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Policy Pulse: Conservation Programs Expire as Farm Bill Languishes

Outdoor America 2018 Issue 4
plowing up prairie_ND_credit Krista Lundgren USFWS

The federal Farm Bill — which includes many important conservation programs to help farmers and ranchers be better stewards of the land, water, wetlands, and wildlife on private lands — expired on September 30. As a result, the U.S. Department of Agriculture (USDA) cannot enroll new participants into conservation programs. This means that conservation-minded landowners who wish to implement best practices or conserve land or wetlands will be unable to do so until those programs are reauthorized by a new Farm Bill or an extension of the expired one.

The House of Representatives and Senate have each passed a new Farm Bill, but their respective bills had a variety of critical differences. At the time Outdoor America went to press, the House and Senate had not reached agreement on a final bill. Disagreements about commodity payments, nutrition assistance, and conservation programs remain the biggest obstacles to an agreement.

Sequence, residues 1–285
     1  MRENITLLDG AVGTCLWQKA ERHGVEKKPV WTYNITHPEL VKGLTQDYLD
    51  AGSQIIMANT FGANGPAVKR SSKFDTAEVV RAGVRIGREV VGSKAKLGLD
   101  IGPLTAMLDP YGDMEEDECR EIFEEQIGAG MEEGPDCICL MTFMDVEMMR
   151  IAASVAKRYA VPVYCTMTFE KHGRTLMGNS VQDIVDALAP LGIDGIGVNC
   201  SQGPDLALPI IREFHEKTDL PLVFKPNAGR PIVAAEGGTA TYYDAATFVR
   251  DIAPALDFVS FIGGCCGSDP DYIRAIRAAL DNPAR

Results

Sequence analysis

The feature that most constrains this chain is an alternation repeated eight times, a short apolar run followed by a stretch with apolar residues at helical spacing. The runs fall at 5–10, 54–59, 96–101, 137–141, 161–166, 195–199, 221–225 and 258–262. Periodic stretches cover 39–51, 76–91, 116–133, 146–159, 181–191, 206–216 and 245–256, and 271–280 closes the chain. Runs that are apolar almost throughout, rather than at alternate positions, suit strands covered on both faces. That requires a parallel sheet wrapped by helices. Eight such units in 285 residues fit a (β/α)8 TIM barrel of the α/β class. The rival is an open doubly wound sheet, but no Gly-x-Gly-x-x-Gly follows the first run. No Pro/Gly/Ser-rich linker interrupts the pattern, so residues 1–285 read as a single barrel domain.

If a new Farm Bill is further delayed, Congress could pass an extension of the 2014 Farm Bill, which would allow new enrollments in conservation programs for a short time. Ultimately, America needs a new Farm Bill. But if Congress cannot act quickly to pass one, an extension is the prudent way to keep conservation programs working until a new bill can be passed.

As we have done over the past two years, the League will continue working to ensure a Farm Bill that protects water quality, wildlife habitat, and soil health is signed into law.